Two Good Starts, Two Bad Starts: Wei-Yin Chen and Kyle Gibson

A two-start streak — good or bad — is typically not enough for drawing strong conclusions about a pitcher’s value, but hey, a meaningful upturn or downturn has to start somewhere.

For Wei-Yin Chen and Kyle Gibson, a change in fortune would not be totally unexpected. Chen’s three-year tenure with the Marlins has been marred by injury and a level of performance that has paled in comparison to that which he enjoyed with the Orioles. Perhaps we’re finally starting to see the version of the lefty the Marlins expected when they signed him to a five-year, $80 million deal. Gibson, on the other hand, is enjoying the best season of his career, but could he be on the precipice of regression?

Let’s dig into these hurlers’ most recent starts and see what we find.

Two Good Starts: Wei-Yin Chen

The Results: 6/27 vs. ARI, 6 IP, 5 H, 1 R, 1 BB, 5 K; 7/2 vs. TB, 6 IP, 3 H, 1 R, 0 ER, 0 BB, 5 K.

What’s Different: Chen’s back-to-back quality starts really stand out in his game log, which featured a total of two quality starts over his first 11 outings. The most obvious difference, besides the improved outward results, is an increase in average fastball velocity. Through those first 11 starts, Chen averaged 90.6 mph on his fastball. Against the Diamondbacks, he went up a tick, averaging 91.6 mph, and versus the Rays on Monday, he set a season high with an average of 92.5 mph. As a point of reference, Chen’s previous high in terms of average fastball velocity over a full season was the 91.8 mph he averaged in 2014 with the Orioles. He has yet to crack the 91 mph barrier over a full season since joining the Marlins.

Maybe increased velocity helped Chen to boost his swinging strike rate from 7.8 percent in his first 11 starts to 10.9 percent in his last two starts. The overall increase in whiffs is mirrored by a surge in his swinging strike rate on his four-seamer, which went from 5.3 percent prior to his two good starts to 9.8 percent during the two good starts.

A coinciding of increased velocity and more swings-and-misses is intriguing, but given the limited sample size of the higher whiff rate, it’s hard to read too much into it. The improved rate on the four-seamer is the result of just two extra swings-and-misses per start. There would be more reason to be encouraged if Chen’s recent whiff rate were a little higher or if the quality of contact had been weaker over these two starts, but neither is the case. In both outings, Chen allowed hard contact at a rate above 50 percent and soft contact at a rate below 12 percent.

Recommendation: Chen’s improvement has not been been dramatic enough to merit a pickup, even in deeper mixed leagues, but it is enough to put him on your watch list. If he continues to be stingy with runs and more amenable to swinging strikes in his upcoming starts against the Nationals and Brewers, plan on picking him up in mixed leagues with 15 teams or more before the All-Star break. There is no need to rush, as he is almost universally available on all sites.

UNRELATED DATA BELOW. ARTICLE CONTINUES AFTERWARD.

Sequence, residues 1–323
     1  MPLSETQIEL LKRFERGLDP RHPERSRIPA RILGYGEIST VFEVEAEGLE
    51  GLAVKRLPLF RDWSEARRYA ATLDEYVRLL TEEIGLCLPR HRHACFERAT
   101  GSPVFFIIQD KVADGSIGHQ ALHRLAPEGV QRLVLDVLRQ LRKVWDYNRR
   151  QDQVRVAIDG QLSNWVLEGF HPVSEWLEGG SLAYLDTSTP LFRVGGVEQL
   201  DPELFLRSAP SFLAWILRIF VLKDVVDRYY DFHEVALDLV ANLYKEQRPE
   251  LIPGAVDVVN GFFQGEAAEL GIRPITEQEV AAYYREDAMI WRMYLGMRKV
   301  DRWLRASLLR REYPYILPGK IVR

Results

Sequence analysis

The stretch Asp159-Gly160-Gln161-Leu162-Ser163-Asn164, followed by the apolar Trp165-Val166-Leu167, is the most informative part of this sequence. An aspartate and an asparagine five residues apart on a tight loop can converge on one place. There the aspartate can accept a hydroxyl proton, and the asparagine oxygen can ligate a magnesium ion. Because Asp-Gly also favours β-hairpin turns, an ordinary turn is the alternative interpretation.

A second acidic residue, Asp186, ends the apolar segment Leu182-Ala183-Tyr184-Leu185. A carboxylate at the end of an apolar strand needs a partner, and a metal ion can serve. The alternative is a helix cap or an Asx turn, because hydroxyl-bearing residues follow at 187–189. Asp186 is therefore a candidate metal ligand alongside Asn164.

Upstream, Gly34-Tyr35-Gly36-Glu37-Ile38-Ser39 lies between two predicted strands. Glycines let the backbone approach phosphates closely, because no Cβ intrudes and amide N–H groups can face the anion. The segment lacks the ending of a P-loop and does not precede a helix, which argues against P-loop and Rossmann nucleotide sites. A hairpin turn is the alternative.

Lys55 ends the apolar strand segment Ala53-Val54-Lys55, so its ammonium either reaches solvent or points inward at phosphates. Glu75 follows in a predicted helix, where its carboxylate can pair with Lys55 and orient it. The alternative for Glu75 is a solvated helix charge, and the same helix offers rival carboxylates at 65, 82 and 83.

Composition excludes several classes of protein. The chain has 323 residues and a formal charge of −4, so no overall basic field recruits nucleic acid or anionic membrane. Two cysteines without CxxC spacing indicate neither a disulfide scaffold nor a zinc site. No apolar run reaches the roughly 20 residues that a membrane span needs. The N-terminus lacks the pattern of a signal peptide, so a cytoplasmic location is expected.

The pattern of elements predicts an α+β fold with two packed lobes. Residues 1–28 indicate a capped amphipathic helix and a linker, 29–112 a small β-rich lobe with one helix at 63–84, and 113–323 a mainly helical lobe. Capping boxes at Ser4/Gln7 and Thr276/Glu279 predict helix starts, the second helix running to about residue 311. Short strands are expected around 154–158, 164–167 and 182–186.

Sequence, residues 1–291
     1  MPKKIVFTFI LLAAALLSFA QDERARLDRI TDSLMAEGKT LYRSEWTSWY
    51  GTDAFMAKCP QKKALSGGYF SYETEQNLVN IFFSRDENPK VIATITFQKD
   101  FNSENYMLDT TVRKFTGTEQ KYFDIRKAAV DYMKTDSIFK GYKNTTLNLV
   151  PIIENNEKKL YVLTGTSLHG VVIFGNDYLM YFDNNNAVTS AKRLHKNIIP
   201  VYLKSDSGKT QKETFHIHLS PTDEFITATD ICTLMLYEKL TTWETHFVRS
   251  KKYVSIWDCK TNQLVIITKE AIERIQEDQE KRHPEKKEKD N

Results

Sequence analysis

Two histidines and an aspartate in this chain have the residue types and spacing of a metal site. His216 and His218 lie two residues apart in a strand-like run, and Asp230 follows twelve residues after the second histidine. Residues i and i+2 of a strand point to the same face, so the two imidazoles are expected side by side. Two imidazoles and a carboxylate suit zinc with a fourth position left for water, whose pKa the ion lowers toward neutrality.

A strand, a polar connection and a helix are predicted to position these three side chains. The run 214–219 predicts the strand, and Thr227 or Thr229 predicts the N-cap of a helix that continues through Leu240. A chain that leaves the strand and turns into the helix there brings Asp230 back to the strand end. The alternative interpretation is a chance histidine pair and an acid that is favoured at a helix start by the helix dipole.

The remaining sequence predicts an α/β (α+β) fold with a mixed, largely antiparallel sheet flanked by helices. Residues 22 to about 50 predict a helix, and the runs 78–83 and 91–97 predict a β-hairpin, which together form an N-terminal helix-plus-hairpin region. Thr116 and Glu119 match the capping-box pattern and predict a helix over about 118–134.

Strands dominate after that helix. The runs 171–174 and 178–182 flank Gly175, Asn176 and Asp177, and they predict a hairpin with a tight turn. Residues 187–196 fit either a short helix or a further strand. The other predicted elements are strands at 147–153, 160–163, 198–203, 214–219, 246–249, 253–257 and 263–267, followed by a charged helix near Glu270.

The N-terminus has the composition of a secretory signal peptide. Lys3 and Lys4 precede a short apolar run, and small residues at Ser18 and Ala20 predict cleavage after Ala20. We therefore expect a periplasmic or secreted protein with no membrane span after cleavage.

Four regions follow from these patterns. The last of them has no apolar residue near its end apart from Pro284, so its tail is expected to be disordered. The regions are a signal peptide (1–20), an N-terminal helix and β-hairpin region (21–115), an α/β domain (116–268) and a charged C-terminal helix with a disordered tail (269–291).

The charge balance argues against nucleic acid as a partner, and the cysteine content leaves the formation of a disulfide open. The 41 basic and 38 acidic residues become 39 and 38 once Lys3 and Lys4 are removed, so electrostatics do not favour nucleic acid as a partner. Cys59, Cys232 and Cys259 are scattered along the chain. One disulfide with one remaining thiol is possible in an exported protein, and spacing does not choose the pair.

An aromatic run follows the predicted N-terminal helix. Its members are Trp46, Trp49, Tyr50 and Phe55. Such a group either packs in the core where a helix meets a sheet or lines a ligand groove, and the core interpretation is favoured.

Two Bad Starts: Kyle Gibson

The Results: 6/27 at CHW, 7 IP, 11 H, 5 R, 1 BB, 7 K; 7/2 at MIL, 5 IP, 8 H, 4 R, 3 ER, 2 BB, 3 K.

What’s Different: Even with these two less-than-sterling starts behind him, Gibson is boasting career lows for ERA (3.58) and WHIP (1.28). The seeds for Gibson’s breakout were planted last season, when he started missing more bats on pitches out of the strike zone. He was not able to take advantage of that trend, because he was locating in the zone more frequently, particularly with his sinker. This season, Gibson has trimmed his Zone% from 40.1 to 34.6 percent, trailing only Patrick Corbin as the majors’ wildest starter, and he has brought his O-Contact% slightly lower from 61.8 to 60.9 percent.

Over Gibson’s last two starts, he has continued to be wild, and he has been getting plenty of chases (37.4 percent O-Swing%), but his O-Contact% is a bit higher (65.3 percent). The real difference, though, has been on pitches that are in the zone. Prior to these two starts, Gibson’s Z-Swing% was 66.7 percent, but hitters have been offering at his pitches in the strike zone at a 77.9 percent rate the last two times out. Both the White Sox and Brewers were taking hacks at good pitches, registering Z-Contact rates above 76 percent.

That Gibson allowed this to happen against the Brewers is worrisome, as they have the seventh-lowest Z-Swing% (65.5 percent) in the majors. Over the two starts combined, Gibson had just 24 called strikes out of 199 pitches. As the White Sox and Brewers swung more often at good pitches, they collectively compiled a .425 BABIP. The White Sox collected nine line drives, while the Brewers tallied four infield hits. These totals would likely have been reduced if hitters weren’t emboldened to swing frequently at pitches in the zone.

Recommendation: Two starts with high Z-Swing% rates is not reason enough to bench Gibson in a mixed league with at least 14 teams, but in shallower formats, it could pay to at least weigh your alternatives. All of Gibson’s owners should track his Z-Swing percentage over his next start or two. If it remains elevated and his results continue to be worse than they had been over the season’s first three months, it may be time to sell, or if you can’t get a reasonable return, stash indefinitely.

Al Melchior has been writing about Fantasy baseball and sim games since 2000, and his work has appeared at, BaseballHQ, Ron Shandler's Baseball Forecaster and FanRagSports. He has also participated in Tout Wars' mixed auction league since 2013. You can follow Al on Twitter @almelchiorbb and find more of his work at

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